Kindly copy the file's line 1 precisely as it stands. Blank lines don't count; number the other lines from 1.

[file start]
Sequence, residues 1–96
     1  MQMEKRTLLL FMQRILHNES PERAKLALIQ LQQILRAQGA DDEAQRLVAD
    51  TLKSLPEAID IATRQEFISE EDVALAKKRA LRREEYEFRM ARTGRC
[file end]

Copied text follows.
Sequence, residues 1–96